But as Einstein said - an idea that still titillates me - we are energy; and energy never fails to move. The forms which come into being and maintain
autopoietic structure; the minds which unfold from a particular complicated - limited, quantitative - organization. These will dissolve, as predicted
by the laws of thermodynamics. But the energy: the potential: it lives on, always, transmuted and moving. Moving beings into existence and then taking
them out. Giving consciousness reality and then removing it from the picture.
Whether conscious continues or not, no one knows. The heart wishes that life will go on. The brain, in its temptations to reason, sees the mind that
unfurls to be an emergent property of a complicated biological process.
But why should mind come from body? The evolutionary reason, the idea of an internal regulator, does that seem plausible? But if we go back to the
beginning, to the first prokaryotic cell. Is there mind in this? Does the particular connection, attraction, and harmonious organization, embody
within in a 'knowing' that is living in its environment?
The world is the mystery. It's circular causative processes, boggle our imaginations. My heart, in living, and appreciating the meaning, makes me
wonder if consciousness, in what we call our awareness, should even be thought of in such a category.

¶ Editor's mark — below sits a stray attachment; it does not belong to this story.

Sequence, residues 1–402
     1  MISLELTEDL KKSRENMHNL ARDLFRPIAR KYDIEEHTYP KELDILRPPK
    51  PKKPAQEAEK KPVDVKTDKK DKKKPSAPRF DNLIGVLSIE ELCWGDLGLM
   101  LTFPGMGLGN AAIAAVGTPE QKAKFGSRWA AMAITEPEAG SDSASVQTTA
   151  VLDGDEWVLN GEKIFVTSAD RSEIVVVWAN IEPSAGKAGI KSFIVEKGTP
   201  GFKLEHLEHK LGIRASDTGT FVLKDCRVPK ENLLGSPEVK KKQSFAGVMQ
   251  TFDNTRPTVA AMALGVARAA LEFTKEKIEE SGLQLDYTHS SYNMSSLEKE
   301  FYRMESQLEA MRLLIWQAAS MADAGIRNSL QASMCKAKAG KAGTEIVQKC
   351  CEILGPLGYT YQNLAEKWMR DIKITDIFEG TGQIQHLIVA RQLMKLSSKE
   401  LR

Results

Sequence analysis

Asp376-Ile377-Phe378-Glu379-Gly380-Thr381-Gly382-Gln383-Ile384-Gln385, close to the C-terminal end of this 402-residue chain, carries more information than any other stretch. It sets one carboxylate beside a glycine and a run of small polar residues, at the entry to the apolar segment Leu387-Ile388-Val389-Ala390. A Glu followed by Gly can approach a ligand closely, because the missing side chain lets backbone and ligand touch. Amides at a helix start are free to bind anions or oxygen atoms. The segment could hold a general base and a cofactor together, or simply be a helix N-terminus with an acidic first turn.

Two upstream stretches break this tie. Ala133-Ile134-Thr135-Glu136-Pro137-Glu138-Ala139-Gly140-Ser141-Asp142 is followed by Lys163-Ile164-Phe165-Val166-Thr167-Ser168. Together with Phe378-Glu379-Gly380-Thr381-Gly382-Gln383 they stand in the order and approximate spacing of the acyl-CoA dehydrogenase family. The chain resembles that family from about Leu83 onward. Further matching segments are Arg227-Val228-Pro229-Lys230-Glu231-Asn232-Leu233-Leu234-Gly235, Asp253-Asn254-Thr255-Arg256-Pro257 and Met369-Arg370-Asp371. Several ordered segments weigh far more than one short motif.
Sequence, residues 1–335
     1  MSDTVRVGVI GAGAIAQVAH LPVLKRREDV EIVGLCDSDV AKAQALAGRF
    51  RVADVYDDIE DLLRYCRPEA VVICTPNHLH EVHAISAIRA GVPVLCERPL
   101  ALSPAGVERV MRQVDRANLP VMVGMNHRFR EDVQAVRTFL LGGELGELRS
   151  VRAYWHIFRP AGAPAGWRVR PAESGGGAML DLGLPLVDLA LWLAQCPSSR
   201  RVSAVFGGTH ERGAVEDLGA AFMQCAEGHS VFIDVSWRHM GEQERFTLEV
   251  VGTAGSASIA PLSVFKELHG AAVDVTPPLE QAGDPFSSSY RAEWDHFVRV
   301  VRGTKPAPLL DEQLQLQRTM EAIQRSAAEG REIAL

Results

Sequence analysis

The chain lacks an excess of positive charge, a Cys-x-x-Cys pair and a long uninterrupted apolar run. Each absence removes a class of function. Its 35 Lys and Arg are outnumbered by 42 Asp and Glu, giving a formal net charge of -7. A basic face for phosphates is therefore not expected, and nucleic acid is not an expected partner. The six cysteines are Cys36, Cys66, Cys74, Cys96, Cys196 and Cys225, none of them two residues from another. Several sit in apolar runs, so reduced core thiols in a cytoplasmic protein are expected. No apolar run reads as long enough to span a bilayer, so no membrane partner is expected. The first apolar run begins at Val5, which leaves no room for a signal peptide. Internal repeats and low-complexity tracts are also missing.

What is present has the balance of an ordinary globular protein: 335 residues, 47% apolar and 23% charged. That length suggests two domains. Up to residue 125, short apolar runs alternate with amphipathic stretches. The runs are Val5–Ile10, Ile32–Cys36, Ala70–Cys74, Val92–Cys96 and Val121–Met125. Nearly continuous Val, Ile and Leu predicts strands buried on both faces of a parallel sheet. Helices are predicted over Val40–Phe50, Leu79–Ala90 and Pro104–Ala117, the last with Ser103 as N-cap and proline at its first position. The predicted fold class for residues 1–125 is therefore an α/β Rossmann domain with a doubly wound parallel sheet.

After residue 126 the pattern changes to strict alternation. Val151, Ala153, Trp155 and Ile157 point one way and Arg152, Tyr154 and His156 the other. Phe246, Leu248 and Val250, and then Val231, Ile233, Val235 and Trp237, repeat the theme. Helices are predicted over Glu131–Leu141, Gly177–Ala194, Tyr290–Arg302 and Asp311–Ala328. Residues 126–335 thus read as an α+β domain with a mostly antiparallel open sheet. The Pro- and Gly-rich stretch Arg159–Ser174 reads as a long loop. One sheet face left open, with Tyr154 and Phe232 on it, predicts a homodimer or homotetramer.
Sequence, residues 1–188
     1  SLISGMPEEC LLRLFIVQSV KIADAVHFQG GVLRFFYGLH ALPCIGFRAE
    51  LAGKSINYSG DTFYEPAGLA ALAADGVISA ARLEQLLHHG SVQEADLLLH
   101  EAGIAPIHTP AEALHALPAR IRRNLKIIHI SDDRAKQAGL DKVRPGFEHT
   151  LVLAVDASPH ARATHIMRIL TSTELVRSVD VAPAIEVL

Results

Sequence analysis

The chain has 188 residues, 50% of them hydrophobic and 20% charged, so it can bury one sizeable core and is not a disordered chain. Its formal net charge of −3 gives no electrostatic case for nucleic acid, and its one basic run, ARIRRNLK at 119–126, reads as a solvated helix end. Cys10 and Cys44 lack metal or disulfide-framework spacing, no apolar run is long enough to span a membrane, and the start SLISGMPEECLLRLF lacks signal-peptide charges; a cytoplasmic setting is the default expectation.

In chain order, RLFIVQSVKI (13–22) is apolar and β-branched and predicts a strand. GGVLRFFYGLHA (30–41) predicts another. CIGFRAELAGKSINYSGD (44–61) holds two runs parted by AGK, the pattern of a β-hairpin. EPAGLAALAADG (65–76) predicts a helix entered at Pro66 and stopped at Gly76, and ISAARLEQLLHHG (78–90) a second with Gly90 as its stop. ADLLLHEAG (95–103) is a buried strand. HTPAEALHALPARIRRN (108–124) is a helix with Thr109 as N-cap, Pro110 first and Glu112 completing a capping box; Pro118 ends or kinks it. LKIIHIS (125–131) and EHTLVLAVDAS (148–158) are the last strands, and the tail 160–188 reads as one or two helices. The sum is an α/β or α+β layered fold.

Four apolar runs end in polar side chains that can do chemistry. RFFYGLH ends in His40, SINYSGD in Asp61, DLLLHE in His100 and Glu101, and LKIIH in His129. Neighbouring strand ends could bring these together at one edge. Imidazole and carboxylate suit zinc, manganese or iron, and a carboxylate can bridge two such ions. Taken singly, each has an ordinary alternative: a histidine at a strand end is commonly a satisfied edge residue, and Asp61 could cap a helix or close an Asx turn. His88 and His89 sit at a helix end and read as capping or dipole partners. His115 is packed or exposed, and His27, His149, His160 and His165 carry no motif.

What if consciousness, or something that is both physical and mental, suffuses the universe - IS THE UNIVERSE - local and non-local, limited and
sequenced? There indeed our things which defy our explanations. We hear stories of odd, improbable happenings. Elizabeth Llyod Mayer, a psychologist
at UCLA, impressed many with her book "extraordinary knowing", because she was a skeptical mind, trained in psychoanalysis and statistical
methods of research, yet the oddest thing occurred: her daughters harp goes missing, she joking hires a dowser to locate the harp; and somehow,
she insists, he had located her harp to within a 2 block area. She put flyers up in the area and days later she received a phone call from a man who
had her harp.
These sorts of stories truly undo our need for a foundation: evolution is clearly real. Species are drifting, evolving, and no doubt the biology of an
organism mediates any sentience that it possesses. And yet, we have stuff like this.
The other day I was in my car thinking about something, and a word came into my head which I kept repeating to myself; I was interested in it, for
some odd reason; and then on the radio a moment later I hear the same word being said.
Stuff like this happens surprisingly often; and in considering how often I think, how often I encounter other objects (in the world), the times they
combine and produce that moment of 'synchronicity' seems way to implausibly common to be mathematically feasible.
I think the middle way, whatever that means, guides us towards a deeper meaning. The middle is the balance point in which organisms survive to
reproduce. The middle is the organization of a healthy mind, aware of its multiplicity (in selves) and yet knowing it's singularity - as being a
person with one body and one mind. Juggling opposites, honoring differences, bridging the gap between bodies with the power of compassion.
The idea of mystery, is sort of halfway between I KNOW and there's nothing to be known. Halfway between ''googoo" religious fundamentalism (or any
epistemological fundamentalism) and radical skepticism. To just say "I don't know"...."but this is how I feel", itself gives the meaning that
life offers us.
The witness can look upon itself and say "this is hard".
'Yes. But be strong".
"All will be fine"